The involvement of skin microbiota, in particular opportunistic pathogenic bacteria such as Staphylococcus aureus (S. aureus), in skin diseases is now well established. More recently, studies reported an overrepresentation of the species Staphylococcus epidermidis (S. epidermidis) on compromised lesional skin. This common commensal bacterium of the healthy skin microbiota with benefits for the host may be involved in the compromised skin phenotype.
The objective of the work carried out in Dr. Gallo’s team was to identify the role and mechanism of action of S. aureus and S. epidermidis in the pathogenesis of two inflammatory skin diseases: Netherton syndrome and atopic dermatitis.
The results supported the existence of a pathogenic role for S. epidermidis in compromised skin, similar to S. aureus. The deleterious effects of these two species result from an interspecies communication through a sophisticated system known as quorum sensing. This system allows synchronization of proteases secretion specific of each bacterial population. These virulence factors exacerbate the alterations in epidermal barrier function and inflammatory phenomenon characteristic of Netherton syndrome and atopic dermatitis.
Laura Cau, who was involved in the project at UCSD as part of scientific international volunteering funded by SILAB, explains:
These discoveries highlight the considerable influence of the interspecies communication within the epidermal ecosystem on skin health. They strengthen the understanding of the role of commensal microbiota in the development of inflammatory skin diseases.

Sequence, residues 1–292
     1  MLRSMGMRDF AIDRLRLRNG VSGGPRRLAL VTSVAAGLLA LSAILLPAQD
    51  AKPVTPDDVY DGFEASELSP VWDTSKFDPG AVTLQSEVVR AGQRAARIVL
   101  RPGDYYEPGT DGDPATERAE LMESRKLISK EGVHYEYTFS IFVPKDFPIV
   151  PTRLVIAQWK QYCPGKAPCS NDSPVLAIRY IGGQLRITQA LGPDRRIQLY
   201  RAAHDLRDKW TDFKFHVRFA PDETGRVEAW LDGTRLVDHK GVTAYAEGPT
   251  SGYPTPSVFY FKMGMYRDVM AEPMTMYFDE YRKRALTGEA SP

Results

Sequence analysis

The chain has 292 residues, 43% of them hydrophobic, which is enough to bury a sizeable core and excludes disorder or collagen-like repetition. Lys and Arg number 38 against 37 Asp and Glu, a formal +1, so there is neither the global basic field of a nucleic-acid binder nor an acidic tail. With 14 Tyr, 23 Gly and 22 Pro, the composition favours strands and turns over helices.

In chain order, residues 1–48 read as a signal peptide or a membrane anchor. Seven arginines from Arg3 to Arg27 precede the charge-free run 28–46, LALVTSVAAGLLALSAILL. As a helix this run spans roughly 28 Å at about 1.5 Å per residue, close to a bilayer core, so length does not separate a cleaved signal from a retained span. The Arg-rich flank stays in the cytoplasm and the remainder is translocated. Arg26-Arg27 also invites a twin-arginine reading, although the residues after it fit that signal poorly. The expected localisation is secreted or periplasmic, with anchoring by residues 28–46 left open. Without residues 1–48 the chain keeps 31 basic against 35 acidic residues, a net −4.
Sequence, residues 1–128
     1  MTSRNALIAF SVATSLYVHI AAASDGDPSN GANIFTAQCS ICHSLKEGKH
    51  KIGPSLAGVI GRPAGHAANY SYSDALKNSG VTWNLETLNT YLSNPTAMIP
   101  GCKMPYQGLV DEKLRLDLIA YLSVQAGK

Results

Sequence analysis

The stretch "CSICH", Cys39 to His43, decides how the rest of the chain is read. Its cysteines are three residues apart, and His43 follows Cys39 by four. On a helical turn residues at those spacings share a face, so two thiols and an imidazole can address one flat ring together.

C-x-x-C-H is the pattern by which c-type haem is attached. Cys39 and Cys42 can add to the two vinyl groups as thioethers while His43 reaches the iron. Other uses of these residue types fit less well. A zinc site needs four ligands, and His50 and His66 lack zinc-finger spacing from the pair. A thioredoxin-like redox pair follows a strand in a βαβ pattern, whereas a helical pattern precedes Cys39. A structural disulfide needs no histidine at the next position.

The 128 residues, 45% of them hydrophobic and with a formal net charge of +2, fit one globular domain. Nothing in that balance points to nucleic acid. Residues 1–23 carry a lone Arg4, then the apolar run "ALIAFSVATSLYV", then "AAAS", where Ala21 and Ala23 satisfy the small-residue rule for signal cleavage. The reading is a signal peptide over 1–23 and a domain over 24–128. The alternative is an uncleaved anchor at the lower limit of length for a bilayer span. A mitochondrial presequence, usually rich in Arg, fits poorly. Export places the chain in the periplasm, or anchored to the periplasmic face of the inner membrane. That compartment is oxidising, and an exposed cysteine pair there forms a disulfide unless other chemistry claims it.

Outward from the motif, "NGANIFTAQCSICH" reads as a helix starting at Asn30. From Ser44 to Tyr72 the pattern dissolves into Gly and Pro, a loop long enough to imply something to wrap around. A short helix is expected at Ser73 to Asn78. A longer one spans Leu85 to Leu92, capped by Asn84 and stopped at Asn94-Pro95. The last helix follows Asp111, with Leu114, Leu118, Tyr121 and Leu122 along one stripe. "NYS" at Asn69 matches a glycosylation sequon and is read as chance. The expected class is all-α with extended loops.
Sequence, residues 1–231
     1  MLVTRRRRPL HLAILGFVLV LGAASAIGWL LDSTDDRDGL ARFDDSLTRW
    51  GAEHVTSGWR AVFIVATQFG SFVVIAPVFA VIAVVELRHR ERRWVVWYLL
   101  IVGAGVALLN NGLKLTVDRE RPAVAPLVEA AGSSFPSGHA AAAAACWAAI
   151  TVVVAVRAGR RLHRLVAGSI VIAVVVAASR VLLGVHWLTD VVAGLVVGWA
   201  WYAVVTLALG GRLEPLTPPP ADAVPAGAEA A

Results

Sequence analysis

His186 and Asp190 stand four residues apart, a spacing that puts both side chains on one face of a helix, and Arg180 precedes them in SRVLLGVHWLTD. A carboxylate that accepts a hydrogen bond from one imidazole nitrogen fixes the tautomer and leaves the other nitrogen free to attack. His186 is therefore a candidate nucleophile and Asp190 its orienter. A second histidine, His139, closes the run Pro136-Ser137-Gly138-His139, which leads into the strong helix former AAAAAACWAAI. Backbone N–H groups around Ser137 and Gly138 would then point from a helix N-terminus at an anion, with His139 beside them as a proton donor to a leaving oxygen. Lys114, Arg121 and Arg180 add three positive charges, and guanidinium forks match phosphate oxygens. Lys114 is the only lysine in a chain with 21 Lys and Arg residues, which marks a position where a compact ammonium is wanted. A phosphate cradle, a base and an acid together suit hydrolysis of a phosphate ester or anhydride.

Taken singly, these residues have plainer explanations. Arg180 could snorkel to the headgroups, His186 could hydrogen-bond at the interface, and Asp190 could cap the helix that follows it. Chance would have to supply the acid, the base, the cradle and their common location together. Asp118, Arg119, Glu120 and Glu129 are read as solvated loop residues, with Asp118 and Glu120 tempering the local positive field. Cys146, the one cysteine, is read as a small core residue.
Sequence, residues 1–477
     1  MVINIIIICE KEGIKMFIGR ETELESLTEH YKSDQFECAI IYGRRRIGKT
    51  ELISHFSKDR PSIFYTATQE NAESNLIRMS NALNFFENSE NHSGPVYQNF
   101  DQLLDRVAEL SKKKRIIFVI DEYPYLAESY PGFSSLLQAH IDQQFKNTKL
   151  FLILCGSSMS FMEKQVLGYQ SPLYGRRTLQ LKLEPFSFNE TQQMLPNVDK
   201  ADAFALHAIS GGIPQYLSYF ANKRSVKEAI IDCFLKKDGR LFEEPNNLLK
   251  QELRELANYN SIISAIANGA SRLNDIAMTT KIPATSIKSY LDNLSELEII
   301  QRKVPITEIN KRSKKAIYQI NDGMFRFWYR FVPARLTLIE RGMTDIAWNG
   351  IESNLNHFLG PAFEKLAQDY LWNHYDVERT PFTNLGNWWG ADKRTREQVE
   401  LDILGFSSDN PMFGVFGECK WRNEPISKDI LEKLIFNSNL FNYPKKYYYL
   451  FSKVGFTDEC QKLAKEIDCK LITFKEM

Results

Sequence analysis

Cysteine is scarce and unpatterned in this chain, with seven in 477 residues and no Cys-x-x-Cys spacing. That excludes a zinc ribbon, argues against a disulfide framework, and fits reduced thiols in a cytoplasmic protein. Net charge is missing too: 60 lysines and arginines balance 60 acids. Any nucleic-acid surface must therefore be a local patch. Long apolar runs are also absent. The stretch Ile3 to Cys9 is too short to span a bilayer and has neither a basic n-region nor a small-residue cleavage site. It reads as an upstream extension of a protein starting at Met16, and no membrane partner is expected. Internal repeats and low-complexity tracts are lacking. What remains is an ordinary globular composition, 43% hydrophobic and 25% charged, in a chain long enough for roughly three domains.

*Dr. Richard Gallo is a leading medical scientist in the fields of human immunology, skin biology and microbiome. He received his post-graduate training at Harvard and is now a Distinguished Professor and the Founding Chairman of the Department of Dermatology at the University of California, San Diego. His groundbreaking research discovered the existence of antimicrobial peptides in mammalian skin, a field that has now grown to be seen as a major part of clinical medicine. Gallo's work has also revolutionized our knowledge of the function of the skin microbiome, with many research breakthroughs that have greatly advanced understanding of several human skin diseases including atopic dermatitis, rosacea and acne. Dr. Gallo is one of the highest cited active investigators in Medicine, with over 40,000 citations from more than 350 publications in prestigious journals including: Nature, Science, New England J. of Medicine, Immunity, Cell Host and Microbe and others.
1 Williams MR, Cau L, Wang Y, Kaul D, Sanford JA, Zaramela LS, et al. Interplay of Staphylococcal and Host Proteases Promotes Skin Barrier Disruption in Netherton Syndrome. Cell Rep. 2020 Mar 3;30(9):2923–2933.e7.
Cell Reports; Impact factor 7.815
2 Cau L, Williams MR, Butcher AM, Nakatsuji T, Kavanaugh JS, Cheng JY, et al. Staphylococcus epidermidis protease EcpA can be a deleterious component of the skin microbiome in atopic dermatitis. J Allergy Clin Immunol. 2020 Jul 4; S0091-6749(20)30953-2
The Journal of Allergy and Clinical Immunology; Impact factor: 14.110